BIHAR has once again changed the paradigm: in 1917, Champaran set the tone for the freedom struggle; in 1974, the JP movement heralded the end of Congress hegemony at the Centre; in 2015, the fiercely contested Assembly poll has set a new course for contemporary political discourse with anti-BJPism as the focal point.
Stock markets have a concept of course correction; overvalued blue chip stocks sometimes come crashing to ultimately recover and reach their optimal levels. The Bihar outcome should be seen as an opportunity for course correction by the BJP under Narendra Modi. The euphoria of the 2014 triumph has somewhat evaporated. Modi had created hope and thereby generated respect. Eighteen months later, the promise of achhe din is providing grist for mockery. The Modi government has made a difference, but that difference is overshadowed by incessant political sabre-rattling by the ruling party and a resultant sniping by the opposition. Rising prices, inter alia, have made the government’s achievements opaque.
The Delhi Assembly result was apparently taken lightly. For the BJP, its Achilles’ heel is Amit Shah-style functioning. This has caused murmuring in its ranks. Post-Bihar, Modi’s proud claim of chappan-inch-ka-seena is being challenged (a social media post said 3 in Delhi and 53 in Bihar made up for chhappan). However, the fact remains that the BJP has now definitively emerged as the pivot of Indian politics, a niche hitherto occupied by the Congress. The swearing-in of Nitish Kumar saw a revival of anti-polarisation in Indian politics of the kind witnessed in the late 1960s, the 1970s and even in the first half of the decade of the 1980s, when anti-Congressism was a binding factor. The credo of anti-BJPism emerged in Patna.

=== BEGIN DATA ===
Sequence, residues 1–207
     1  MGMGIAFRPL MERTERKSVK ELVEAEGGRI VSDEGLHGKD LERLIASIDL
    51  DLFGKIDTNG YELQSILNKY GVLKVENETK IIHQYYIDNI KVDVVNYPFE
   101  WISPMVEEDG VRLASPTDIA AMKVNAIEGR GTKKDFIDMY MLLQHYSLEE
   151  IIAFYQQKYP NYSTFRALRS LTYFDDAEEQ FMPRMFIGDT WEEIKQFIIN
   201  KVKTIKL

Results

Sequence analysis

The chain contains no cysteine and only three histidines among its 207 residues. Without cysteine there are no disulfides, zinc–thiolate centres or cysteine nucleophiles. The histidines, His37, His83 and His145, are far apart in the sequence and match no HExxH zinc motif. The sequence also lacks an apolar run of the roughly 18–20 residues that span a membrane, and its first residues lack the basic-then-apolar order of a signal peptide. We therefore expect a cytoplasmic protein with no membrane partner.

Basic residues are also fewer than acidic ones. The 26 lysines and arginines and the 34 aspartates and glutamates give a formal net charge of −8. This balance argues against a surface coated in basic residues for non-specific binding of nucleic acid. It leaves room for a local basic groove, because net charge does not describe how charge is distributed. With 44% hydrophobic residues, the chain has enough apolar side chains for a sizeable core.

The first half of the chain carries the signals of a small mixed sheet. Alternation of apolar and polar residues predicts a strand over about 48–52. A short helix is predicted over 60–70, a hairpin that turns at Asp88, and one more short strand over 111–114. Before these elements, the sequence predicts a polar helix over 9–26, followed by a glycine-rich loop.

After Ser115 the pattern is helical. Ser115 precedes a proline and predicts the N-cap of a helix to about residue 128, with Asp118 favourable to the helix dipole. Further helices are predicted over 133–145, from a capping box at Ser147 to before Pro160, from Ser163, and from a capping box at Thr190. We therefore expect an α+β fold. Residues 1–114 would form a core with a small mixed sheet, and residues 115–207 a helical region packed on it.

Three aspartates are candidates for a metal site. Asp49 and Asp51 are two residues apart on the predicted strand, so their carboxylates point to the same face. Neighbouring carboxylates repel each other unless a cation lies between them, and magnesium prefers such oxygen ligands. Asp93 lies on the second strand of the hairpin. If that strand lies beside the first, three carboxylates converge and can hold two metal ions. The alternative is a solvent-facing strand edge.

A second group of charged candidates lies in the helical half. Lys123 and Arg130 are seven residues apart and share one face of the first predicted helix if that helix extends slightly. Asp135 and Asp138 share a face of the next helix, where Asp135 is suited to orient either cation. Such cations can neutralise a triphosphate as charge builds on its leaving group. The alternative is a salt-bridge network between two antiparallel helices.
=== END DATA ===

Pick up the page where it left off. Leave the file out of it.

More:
For the Congress, which snatched a moment of glory by riding piggy-back in Bihar, the path ahead is arduous. Party general secretary CP Joshi, citing Bihar, said recently that after the West Bengal poll in 2016 (where he hopes to forge an understanding, if not alliance, with the Trinamool Congress) the Congress will emerge as the “kingmaker”. Joshi perhaps unwittingly foretold the future—the Congress can no longer produce a king, it has to limit its role to that of a kingmaker. It can be a lever in coalitions, not the fulcrum. The debate in Parliament on the Constitution anniversary showed that the Congress has more adversaries than the BJP has critics. Foes rarely turn friends; critics can be converted.